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  11. Denise, shiso is a leaf that is often used in Japanese cooking and sushi. There is a green and a purple leaf. They yield very, very little oil to distillation, although the hydrosol would be lovely. I have some fabulous shiso oil that I got recently, and true to nature, you can't fight it, I'm just not in love with shiso. Smells to cinnamon-spicy for me. It's complex, and too much on the fusty, dark side for my tastes. However, there are those who love the scent, so if you find some leaves in an Asian market, and like the taste and scent, you may wish to experiment. Good shiso oil is hard to find, btw, so tincturing is probably the way to go if you like it.

    Anya

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  12. Hi Anya,
    My question is about how to take a perfume from 'test' size, to one or more full bottles. The reason I'm asking is that it seems to me I once read somewhere that there is some special way to do this, some advice to make it easier perhaps.
    As it stands, I just multiply the drops' numbers, and spend a lot of time counting out drops in the full size perfume.
    Any advice?

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  13. Always Spring7/10/2011 4:41 PM

    Hi Anya,
    This may be a double post. My computer "burped" on me....
    Any way my question is what is the best way to capture the essence of the honeysuckle flower? They are blooming in full force here in
    So. Ca. What part of the flower is best to use? Thanks,
    Vicki M

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  14. Wow, Anya, I wonder if the scent of the cedar buds infused in oil would come through in soap! What an intriguing idea! I'll have to try it and let you know.

    The shiso eo I got was the green variety. To me it smells cinnamony/clovey but also minty fresh. I just used it in a perfume as part of a green thread running through the different layers, and I mourn a little when that shiso top note evaporates.

    Aromatarii, if you are looking to order a sample, it's also known as perilla.

    Laura

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  15. Hi Francesca:

    You can do this by drops only if you're a beginner and don't need replicability. I have my beginner students create by drops, but more advanced students learn how to use specific gravity calculations. It's pretty easy once you're instructed in it, and I have an Excel program that will allow you to create perfume with the exact perfume whether it's 1/8th of an ounce, theoretically up to infinity.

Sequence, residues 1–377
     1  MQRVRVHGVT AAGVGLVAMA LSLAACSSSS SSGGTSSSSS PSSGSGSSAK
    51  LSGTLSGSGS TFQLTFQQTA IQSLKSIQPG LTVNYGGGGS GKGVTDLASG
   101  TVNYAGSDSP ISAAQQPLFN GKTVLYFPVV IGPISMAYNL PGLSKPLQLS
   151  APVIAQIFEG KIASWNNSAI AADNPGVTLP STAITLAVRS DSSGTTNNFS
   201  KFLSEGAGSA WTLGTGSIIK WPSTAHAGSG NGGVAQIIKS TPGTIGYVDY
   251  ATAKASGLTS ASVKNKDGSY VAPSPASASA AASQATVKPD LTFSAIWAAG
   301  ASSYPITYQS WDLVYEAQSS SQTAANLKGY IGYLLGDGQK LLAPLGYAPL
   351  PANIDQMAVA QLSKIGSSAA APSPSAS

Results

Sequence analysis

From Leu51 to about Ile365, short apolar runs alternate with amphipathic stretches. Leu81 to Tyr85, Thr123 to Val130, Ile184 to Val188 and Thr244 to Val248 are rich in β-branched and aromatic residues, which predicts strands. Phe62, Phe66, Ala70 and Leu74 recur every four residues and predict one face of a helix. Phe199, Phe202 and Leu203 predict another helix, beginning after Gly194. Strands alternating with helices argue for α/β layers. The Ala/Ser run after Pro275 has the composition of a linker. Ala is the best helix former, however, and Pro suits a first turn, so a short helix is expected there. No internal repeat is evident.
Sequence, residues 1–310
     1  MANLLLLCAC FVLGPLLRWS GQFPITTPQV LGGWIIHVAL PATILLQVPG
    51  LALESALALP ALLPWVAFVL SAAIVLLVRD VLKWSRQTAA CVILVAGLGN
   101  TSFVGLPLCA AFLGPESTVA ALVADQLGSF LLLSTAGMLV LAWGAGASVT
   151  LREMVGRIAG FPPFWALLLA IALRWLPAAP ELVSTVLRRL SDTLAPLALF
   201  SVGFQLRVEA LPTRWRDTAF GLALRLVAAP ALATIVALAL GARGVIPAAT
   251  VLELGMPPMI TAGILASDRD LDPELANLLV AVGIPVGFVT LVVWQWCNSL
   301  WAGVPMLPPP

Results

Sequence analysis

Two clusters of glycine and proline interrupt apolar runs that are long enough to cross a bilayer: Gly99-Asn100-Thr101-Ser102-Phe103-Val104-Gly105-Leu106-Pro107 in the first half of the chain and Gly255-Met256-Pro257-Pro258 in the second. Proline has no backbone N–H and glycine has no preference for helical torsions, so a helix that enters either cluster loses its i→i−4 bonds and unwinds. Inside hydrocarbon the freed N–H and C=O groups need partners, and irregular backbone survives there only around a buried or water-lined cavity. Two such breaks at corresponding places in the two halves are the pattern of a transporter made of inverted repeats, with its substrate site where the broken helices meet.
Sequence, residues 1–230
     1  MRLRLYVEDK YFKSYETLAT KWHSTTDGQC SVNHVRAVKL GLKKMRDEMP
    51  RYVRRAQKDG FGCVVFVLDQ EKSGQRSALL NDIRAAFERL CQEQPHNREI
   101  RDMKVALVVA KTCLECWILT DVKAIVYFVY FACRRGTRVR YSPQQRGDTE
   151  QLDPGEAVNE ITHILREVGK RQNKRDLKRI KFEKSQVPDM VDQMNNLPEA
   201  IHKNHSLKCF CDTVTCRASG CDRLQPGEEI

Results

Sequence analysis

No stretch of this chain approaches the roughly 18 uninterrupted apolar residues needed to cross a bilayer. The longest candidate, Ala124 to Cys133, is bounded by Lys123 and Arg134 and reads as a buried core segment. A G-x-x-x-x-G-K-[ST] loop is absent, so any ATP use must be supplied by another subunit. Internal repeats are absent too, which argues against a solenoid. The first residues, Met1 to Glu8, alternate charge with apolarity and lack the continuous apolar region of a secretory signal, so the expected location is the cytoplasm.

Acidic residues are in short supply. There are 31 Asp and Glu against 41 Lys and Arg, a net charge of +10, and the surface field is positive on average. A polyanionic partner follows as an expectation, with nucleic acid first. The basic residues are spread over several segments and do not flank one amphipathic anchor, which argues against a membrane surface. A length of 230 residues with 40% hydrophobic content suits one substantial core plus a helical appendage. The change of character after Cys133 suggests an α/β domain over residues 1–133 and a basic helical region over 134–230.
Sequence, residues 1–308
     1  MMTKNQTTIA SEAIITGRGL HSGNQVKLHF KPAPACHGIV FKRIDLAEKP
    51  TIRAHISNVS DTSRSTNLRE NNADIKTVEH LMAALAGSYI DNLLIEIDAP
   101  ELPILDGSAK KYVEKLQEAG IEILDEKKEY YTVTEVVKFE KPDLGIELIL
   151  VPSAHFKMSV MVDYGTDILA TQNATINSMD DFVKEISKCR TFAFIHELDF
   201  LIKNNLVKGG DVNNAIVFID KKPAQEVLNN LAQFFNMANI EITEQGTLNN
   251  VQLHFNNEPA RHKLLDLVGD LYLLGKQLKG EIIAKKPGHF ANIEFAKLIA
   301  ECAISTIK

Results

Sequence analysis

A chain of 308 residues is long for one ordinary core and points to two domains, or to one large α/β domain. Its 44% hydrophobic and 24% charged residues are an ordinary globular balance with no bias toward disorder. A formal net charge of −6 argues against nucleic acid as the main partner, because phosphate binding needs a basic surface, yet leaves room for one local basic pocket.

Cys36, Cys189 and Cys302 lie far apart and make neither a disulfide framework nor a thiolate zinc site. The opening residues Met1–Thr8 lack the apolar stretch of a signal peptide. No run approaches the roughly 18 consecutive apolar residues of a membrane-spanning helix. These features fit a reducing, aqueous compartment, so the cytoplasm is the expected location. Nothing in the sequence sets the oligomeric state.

HTH,
    Anya

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  16. Hi Vicki:

    Another student heard from ;-)

    Honeysuckle is easy to either tincture or enfleurage - but here's where the problem comes in: it's only in bloom for a short season. You may need two years' worth of harvested blossoms, recharging the original menstrum, to get a scented product.

    Don't give up! Remember me harvesting the tiny, tiny, tiny aglaia flowers for three years ;-)

    Anya

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  17. Thanks Anya. When you say 'gravity calculations', do you mean the we must convert the perfume formula into weight, rather than volume? Also, is that Excel program available to the public?

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  18. Hi Francesca:

    It's a bit more complicated than that. You need to know the SP of each aromatic first. Then I make typically a 10% dilution for my mods. After I decide on the mod I wish to turn into a perfume, I use the undiluted aromatic, by weight to create the compound, then I dilute with the appropriate strength with alcohol (sometimes a little water).

    I've been working with the Excel program for about two years, having hired a civil engineer to work with me creating it. There are a few more tweaks I need to make to it, and then I need to find a software engineer to create an online version where perfumers can buy a membership and log on to use it.

    Anya

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  19. I'm glad to see this topic discussed. On the NP group there was a question about pineapple sage so I started to experiment with tincturing that this year. Last year I tinctured orange mint but not enough of it unfortunately.

    My question is does it matter if herbs I tincture have started to flower? I thought I read somewhere that if I were to distill certain herbs it should be before they flower, but I can't recall where I read that or even if I read it correctly. I know some of them have a different scent once they start to flower. Did I answer my own question? :)

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  20. My question is does it matter if herbs I tincture have started to flower? I thought I read somewhere that if I were to distill certain herbs it should be before they flower, but I can't recall where I read that or even if I read it correctly. I know some of them have a different scent once they start to flower. Did I answer my own question? :)

    Hi Lisa:

    Nice to see you here.

    Why don't you simply use the alcohol of the orange mint tincture, and add more orange mint to it? I recharge the menstrum often, if the herb/flower requires it. Don't forget, the French often made 36 changes of flowers per enfleurage tray! I'll bet that pineapple mint needs a lot of recharges, also, but it's worth it to have a unique, beautiful product that you have brought to life via alchemy!

    Your last question is so broad I can't answer it except to say: maybe sometimes yes, maybe sometimes no.

    You'll have to be the judge of whether or not an herb changes scent after it begins to flower. Many don't. Flowering does start up other processes in the plant, often signaling the end of its life, e.g., basil.

    HTH,
    Anya